Online PD in November
In November I'm hosting three online professional development opportunities. Those are Video Projects for Every Classroom, Google Forms & Sheets for Beginners, and Teaching History With Technology. Click here to learn more about all three opportunities.

Book Me for Your Conference
I’ve given keynotes at conferences from Australia to Alaska for groups of all sizes from 50 to 2,000+. My keynotes focus on providing teachers and school administrators with practical ways to use technology to create better learning experiences for all students. I like to shine the light on others and so I often share examples of great work done by others as well as my own. Send an email to richardbyrne (at) freetech4teachers.com book me today.

Please visit the official advertisers that help keep this blog going.
Practical Ed Tech is the brand through which I offer PD webinars.
TypingClub offers more than 600 typing lessons for kids. 
Storyboard That is my go-to tool for creating storyboards.
Book Creator is a great tool for creating multimedia books.
Kami is a great tool for annotating and collaborating on PDFs. 
University of Maryland Baltimore County offers a great program on instructional design.
Seterra offers a huge selection of geography games for students. 

Tuesday, October 30, 2018

How to Insert Equations and Special Characters Into Google Documents

Here's a question that I get a lot when I conduct on-site G Suite for Education training, "is there an easy way to add math symbols to documents?" In fact, there is an easy way to add mathematics symbols, equations, and other special characters to Google Documents. To do that simply open the Insert drop-down menu and select "equation" to create an equation or select "special characters" to insert symbols, accents, and emojis. Watch my video for a quick demonstration of how to insert equations and special characters into Google Docs.


Find more Google Docs tips and tutorials in this playlist on my YouTube channel.

700 More Writing Prompts from Make Beliefs Comix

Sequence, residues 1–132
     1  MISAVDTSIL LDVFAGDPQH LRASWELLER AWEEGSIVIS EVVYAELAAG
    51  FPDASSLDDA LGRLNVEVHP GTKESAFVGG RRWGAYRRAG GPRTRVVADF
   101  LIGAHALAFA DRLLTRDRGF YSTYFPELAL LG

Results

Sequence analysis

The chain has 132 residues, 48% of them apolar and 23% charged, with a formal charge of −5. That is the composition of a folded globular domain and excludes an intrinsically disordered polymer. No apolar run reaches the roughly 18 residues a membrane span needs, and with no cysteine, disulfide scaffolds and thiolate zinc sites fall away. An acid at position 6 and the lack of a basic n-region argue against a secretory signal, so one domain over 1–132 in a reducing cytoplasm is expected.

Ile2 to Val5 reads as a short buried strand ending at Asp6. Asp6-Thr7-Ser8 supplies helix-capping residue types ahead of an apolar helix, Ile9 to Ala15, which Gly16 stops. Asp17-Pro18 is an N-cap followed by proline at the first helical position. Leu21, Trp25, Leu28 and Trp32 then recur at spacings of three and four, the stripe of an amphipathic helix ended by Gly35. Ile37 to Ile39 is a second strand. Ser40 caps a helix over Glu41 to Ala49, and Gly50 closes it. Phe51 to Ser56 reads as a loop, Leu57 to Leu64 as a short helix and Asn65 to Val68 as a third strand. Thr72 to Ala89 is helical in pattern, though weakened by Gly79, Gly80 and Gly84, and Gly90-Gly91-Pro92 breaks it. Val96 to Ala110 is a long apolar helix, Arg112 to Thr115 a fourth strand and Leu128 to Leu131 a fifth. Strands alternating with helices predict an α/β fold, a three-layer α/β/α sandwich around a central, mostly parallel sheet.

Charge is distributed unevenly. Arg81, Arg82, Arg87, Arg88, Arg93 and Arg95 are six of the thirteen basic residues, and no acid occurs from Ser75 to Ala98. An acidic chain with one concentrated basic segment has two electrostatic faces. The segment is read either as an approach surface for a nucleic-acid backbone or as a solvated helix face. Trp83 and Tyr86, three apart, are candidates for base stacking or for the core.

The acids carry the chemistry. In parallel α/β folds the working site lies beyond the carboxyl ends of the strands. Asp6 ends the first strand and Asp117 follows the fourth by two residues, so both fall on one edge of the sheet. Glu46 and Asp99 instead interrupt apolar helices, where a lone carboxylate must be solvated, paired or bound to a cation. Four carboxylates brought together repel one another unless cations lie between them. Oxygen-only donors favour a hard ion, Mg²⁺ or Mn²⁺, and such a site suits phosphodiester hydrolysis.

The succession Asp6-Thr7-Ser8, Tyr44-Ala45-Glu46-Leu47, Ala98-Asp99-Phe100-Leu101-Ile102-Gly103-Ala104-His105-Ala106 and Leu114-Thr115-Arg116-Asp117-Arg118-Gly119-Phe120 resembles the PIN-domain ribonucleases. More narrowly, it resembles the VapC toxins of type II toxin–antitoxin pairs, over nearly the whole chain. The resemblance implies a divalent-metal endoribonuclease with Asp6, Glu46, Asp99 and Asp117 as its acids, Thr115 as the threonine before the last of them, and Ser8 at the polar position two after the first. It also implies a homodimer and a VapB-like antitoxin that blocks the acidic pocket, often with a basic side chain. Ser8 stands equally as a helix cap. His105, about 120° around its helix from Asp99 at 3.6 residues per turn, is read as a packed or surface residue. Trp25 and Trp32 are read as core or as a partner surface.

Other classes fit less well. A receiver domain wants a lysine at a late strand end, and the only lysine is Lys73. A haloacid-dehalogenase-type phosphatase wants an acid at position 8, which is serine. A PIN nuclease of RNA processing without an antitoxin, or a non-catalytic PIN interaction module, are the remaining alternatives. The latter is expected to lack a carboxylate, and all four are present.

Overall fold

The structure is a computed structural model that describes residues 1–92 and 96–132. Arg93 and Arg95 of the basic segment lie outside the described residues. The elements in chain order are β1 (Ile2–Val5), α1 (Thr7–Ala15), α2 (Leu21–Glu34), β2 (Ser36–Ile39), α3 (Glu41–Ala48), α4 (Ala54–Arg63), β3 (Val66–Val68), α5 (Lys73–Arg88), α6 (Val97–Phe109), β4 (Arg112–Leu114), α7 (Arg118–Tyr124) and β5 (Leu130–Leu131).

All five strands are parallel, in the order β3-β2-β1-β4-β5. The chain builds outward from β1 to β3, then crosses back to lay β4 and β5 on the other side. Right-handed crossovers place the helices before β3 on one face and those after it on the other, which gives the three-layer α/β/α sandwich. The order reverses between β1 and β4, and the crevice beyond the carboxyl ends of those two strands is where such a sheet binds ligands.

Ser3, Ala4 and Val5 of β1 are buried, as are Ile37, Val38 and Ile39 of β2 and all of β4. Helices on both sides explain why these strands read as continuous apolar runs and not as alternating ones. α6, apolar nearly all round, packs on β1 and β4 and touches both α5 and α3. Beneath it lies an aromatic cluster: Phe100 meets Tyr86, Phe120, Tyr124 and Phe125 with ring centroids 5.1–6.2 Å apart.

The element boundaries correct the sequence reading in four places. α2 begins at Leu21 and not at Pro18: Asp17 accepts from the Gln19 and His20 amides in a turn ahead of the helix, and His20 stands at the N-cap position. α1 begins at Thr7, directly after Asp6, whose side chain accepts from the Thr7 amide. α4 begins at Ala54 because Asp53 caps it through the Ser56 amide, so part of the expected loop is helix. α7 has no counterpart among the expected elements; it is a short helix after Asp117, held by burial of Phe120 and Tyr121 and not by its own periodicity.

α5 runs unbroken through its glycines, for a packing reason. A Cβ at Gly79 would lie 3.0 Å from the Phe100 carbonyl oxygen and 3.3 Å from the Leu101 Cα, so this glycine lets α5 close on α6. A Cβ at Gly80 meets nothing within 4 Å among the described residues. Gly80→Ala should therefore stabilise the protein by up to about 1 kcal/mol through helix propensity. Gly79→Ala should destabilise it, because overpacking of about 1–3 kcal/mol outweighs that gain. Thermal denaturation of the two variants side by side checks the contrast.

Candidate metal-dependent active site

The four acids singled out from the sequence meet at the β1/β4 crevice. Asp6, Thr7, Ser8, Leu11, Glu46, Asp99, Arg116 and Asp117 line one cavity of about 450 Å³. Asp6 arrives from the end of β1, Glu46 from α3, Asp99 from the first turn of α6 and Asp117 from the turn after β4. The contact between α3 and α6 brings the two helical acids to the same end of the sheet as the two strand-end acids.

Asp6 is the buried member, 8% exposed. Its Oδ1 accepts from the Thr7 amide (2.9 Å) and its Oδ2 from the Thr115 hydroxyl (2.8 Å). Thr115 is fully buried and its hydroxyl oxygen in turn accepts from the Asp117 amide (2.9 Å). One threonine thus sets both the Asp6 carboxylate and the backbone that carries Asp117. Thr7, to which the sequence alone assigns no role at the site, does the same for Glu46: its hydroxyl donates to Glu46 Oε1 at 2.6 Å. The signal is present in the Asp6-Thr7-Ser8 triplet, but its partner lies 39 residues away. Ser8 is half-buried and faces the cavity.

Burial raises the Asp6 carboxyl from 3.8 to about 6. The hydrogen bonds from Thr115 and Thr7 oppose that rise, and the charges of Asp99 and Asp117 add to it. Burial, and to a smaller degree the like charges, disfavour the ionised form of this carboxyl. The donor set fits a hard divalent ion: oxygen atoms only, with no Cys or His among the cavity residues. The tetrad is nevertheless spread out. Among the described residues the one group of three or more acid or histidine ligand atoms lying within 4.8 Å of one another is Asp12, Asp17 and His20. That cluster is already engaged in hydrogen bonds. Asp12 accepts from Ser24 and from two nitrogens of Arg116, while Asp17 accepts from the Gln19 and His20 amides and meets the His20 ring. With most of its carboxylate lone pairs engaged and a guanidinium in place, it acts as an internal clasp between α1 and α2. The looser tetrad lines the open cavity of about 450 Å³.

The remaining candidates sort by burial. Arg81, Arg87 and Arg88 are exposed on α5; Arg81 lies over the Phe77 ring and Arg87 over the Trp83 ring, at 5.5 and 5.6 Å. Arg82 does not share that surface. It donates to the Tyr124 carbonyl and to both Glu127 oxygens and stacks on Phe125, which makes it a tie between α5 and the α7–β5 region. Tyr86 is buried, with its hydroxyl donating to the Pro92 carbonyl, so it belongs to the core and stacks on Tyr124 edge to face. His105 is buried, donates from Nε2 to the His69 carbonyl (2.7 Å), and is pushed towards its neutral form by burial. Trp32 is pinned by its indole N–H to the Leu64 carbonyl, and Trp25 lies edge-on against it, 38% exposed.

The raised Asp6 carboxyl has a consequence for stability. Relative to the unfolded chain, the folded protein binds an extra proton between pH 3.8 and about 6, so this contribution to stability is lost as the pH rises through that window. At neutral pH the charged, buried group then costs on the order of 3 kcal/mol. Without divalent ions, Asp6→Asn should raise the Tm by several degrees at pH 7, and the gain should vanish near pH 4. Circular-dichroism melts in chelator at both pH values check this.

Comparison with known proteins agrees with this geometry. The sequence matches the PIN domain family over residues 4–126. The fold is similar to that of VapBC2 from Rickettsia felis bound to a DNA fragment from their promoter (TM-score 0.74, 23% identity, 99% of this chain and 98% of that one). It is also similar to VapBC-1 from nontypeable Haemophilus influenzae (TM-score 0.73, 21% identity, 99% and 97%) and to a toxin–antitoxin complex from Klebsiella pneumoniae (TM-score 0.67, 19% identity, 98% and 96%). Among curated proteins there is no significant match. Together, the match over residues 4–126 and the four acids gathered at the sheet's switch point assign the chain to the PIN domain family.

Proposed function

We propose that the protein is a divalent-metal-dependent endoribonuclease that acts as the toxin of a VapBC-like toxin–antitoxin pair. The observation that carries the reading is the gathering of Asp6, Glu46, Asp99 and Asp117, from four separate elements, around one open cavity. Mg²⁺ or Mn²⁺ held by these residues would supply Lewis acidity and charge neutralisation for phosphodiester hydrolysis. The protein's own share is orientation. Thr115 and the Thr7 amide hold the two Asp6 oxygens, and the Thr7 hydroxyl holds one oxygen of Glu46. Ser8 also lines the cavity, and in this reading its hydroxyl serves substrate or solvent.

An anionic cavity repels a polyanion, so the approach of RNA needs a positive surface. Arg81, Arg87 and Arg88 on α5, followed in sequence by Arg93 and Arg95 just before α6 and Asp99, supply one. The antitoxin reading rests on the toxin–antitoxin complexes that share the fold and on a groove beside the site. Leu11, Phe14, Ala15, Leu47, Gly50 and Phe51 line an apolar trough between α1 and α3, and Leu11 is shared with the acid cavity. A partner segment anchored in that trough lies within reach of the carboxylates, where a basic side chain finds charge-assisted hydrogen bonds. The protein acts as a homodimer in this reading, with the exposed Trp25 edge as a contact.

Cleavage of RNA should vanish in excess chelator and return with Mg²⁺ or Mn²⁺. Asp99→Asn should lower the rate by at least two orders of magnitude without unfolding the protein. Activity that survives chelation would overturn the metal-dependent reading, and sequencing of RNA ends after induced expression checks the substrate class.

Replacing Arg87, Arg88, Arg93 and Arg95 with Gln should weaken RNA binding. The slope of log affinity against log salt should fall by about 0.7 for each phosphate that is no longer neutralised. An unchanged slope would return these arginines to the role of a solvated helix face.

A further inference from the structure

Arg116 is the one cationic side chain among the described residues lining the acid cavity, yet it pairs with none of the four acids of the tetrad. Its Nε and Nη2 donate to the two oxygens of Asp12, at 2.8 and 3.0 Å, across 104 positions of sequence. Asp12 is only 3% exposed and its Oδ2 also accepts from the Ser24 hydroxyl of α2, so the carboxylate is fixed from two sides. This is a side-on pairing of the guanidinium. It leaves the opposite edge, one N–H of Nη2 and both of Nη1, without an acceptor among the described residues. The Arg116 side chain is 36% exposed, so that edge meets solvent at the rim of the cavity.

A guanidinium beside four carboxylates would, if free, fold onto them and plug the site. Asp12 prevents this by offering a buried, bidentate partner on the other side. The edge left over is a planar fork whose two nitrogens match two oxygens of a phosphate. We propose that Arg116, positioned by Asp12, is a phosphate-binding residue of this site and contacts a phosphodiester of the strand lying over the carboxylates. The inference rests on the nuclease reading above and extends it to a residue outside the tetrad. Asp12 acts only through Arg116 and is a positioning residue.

Last week I shared an ebook of writing prompts from Make Beliefs Comix. That ebook is just one of many free writing prompt resources offered by Make Beliefs Comix. This morning I explored the site and found more than 700 writing prompt pages. All of the pages are designed to be printed and given to students to write on.

The printables section on Make Beliefs Comix is organized into dozens of categories. Some of those categories include A Book of Questions, Heroes, History, and Poetry. All the the printable writing prompt pages include artwork designed to spark a student's imagination. Some of the artwork is in color and some is in black and white. A bonus of the black and white artwork is that you're essentially getting a coloring page and a writing prompt in one package.

Applications for Education
The Make Beliefs Comix printables section is a resource that elementary school teachers should keep bookmarked. Whether you need some new writing prompts to use with your whole class or you want to let kids pick a favorite, the Make Beliefs Comix printables section has something for every elementary school classroom.

How to Change the Color of Google Calendar Events

This week I answered an email from a reader who was looking for a way to add background images in the new (current) version of Google Calendar. Unfortunately, the current version of Google Calendar doesn't have a native capability for adding background images. However, you can change the color of the events that are displayed on your Google Calendar. In the following one minute video I demonstrate how to change the color of events on Google Calendar.


Find more G Suite tips and tutorials in this playlist on my YouTube channel.